These positive perspectives about the steroid sparing effect of ISIS 2302 were not confirmed in a subsequent trial, which primary endpoint was steroid-free remission at week 14. Here, 75 steroid refractory CD patients were randomized to four groups of treatment with ISIS 2302 or to placebo. The study drug was administered subcutaneously at four different dose-interval regimens (0.5 mg/kg once daily for 2 days; 0.5 mg/kg five times a week for 1 week; 0.5 mg/kg five times a week for 2 weeks or 0.5 mg/kg five times a week for 4 weeks) (Schreiber et al., 2001; Lobaton et al., 2014). Steroid-free remission at week 14 was registered in only 3.3% (2/60) of patients treated with ISIS 2302 and in none of the placebo patients (Schreiber et al., 2001; Lobaton et al., 2014). This negative property to induce steroid-free remission was also confirmed by another study (Yacyshyn et al., 2002b). Here, 299 steroid-dependent CD patients were randomized into three treatment arms: ISIS 2302 (2 mg/kg) given intravenously three times a week for two weeks, vs. ISIS 2302 (2 mg/kg) given intravenously three times a week for 4 weeks, compared to placebo application. Steroid free remission at week 14 was defined as the primary endpoint. It was reached by 20.2 and 21.2%, respectively in the ISIS 2302 arm with treatment lasting 2 or 4 weeks compared to 18.8% in the placebo arm. Therefore, no statistical significant difference regarding clinical efficacy could be shown (Yacyshyn et al., 2002b).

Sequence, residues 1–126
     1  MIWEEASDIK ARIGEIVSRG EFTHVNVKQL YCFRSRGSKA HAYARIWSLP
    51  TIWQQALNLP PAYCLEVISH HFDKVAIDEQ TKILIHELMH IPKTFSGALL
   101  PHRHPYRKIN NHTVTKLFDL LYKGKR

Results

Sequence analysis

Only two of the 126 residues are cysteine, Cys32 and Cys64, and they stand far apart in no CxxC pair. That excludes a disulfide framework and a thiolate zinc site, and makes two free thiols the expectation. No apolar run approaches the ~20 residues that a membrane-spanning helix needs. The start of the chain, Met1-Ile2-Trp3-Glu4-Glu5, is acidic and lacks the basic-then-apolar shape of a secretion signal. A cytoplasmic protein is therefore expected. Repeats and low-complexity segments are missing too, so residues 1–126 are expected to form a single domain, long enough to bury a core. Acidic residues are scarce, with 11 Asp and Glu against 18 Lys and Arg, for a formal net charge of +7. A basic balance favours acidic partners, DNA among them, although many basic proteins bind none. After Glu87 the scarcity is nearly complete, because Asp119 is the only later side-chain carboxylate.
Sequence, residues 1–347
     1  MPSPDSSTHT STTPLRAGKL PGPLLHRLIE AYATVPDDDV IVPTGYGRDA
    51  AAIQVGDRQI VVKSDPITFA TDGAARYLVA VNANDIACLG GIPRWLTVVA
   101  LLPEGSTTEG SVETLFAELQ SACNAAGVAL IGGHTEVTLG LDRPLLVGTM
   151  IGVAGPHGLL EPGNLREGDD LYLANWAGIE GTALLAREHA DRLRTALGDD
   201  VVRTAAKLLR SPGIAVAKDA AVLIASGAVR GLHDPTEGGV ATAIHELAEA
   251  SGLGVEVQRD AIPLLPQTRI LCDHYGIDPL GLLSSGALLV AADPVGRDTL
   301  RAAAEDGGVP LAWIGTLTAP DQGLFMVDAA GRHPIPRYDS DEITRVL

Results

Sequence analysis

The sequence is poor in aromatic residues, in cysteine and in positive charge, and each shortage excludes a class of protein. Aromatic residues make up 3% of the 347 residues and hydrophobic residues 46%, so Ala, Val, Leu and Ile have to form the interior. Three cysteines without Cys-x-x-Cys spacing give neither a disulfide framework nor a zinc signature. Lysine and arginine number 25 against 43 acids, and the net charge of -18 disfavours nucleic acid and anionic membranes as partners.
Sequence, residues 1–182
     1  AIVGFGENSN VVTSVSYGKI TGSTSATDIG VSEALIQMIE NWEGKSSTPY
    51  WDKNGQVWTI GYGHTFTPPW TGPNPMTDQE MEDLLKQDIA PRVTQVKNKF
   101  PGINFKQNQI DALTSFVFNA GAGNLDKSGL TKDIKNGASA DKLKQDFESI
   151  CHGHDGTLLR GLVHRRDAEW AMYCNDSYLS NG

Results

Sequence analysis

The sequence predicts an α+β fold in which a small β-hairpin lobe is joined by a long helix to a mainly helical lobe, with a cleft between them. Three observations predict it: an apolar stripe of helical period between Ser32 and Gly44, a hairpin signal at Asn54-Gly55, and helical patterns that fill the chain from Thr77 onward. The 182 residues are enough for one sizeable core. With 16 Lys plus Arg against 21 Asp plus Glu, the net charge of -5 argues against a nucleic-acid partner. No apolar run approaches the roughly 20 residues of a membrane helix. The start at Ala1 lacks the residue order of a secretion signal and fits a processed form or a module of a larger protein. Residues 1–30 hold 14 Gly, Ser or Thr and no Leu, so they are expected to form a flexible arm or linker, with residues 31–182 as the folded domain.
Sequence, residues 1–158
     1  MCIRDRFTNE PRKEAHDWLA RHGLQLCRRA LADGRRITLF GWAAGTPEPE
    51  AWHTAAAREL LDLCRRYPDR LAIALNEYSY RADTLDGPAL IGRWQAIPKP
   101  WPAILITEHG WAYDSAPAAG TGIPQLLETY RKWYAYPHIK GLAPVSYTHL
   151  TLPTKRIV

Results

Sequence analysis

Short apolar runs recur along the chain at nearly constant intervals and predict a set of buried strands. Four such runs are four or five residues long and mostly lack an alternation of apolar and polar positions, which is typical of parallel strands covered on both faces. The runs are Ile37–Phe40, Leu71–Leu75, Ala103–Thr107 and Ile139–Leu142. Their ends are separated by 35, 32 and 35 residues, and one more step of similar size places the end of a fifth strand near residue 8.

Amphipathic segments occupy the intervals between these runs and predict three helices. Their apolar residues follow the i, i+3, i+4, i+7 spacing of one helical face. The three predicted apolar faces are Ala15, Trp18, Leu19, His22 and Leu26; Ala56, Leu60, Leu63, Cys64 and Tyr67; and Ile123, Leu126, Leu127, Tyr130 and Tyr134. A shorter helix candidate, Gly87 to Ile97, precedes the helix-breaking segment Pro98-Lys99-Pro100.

The last clinical trial conducted in CD patients, which results were published in 2007, confirmed the inefficacy of alicaforsen in inducing clinical remission in CD patients. In this study, 331 CD patients were randomized to two treatment groups: alicaforsen given intravenously, at a dosage of 100 mg at the time of the first infusion, followed by 300 mg given three times a week for 4 weeks (n = 221) compared to placebo administration (n = 110). The primary endpoint was clinical remission at week 12. No statistical differences regarding clinical remission at week 12 were evidenced between the two treatment groups (33.9% in the group treated with alicaforsen vs. 34.5% in the placebo group; p = 0.89) (Yacyshyn et al., 2007). These results have led to the halt of further clinical studies of this compound in CD patients.
In UC, some clinical studies demonstrated efficacy of alicaforsen in inducing clinical response and remission via topical application. First, an effective induction of clinical response by topical application of alicaforsen was evidenced by a randomized multicenter trial conducted in 40 UC patients affected by mild to moderate distal colitis, who were randomized to four dosing cohorts of an alicaforsen enema (0.1, 0.5, 2, or 4 mg/ml) or placebo, given once daily for 28 consecutive days (van Deventer et al., 2004). This therapeutic procedure resulted in the induction of clinical response in a dose-dependent way, with induction of response in 70% of alicaforsen 4 mg/ml treated patients compared to a placebo response of 28% at week 4, which was statistically significant (p = 0.004). In the group treated with alicaforsen at a dosage of 2 mg/ml, clinical response was evidenced in 45% of treated patients (p = 0.201). During the 6 months clinical follow up period, half of the patients in the placebo arm (4/8) required another medication or surgical intervention, whereas none of the patients treated with the highest dose of alicaforsen and two patients in the 2 mg/ml group required treatment escalation (van Deventer et al., 2004).